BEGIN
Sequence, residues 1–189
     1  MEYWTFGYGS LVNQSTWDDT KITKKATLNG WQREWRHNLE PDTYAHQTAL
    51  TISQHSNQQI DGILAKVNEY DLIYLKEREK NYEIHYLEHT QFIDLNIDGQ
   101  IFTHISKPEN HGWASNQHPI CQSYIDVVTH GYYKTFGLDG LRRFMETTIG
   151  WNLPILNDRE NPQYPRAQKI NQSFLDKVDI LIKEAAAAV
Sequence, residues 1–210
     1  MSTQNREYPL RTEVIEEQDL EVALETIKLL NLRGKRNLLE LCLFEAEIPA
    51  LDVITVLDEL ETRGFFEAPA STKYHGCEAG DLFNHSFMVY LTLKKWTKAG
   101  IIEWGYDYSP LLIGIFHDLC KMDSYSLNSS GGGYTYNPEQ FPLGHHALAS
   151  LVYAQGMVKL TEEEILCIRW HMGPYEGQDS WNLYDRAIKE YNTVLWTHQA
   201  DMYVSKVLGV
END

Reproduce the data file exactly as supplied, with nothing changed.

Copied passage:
Sequence, residues 1–189
     1  MEYWTFGYGS LVNQSTWDDT KITKKATLNG WQREWRHNLE PDTYAHQTAL
    51  TISQHSNQQI DGILAKVNEY DLIYLKEREK NYEIHYLEHT QFIDLNIDGQ
   101  IFTHISKPEN HGWASNQHPI CQSYIDVVTH GYYKTFGLDG LRRFMETTIG
   151  WNLPILNDRE NPQYPRAQKI NQSFLDKVDI LIKEAAAAV
Sequence, residues 1–210
     1  MSTQNREYPL RTEVIEEQDL EVALETIKLL NLRGKRNLLE LCLFEAEIPA
    51  LDVITVLDEL ETRGFFEAPA STKYHGCEAG DLFNHSFMVY LTLKKWTKAG
   101  IIEWGYDYSP LLIGIFHDLC KMDSYSLNSS GGGYTYNPEQ FPLGHHALAS
   151  LVYAQGMVKL TEEEILCIRW HMGPYEGQDS WNLYDRAIKE YNTVLWTHQA
   201  DMYVSKVLGV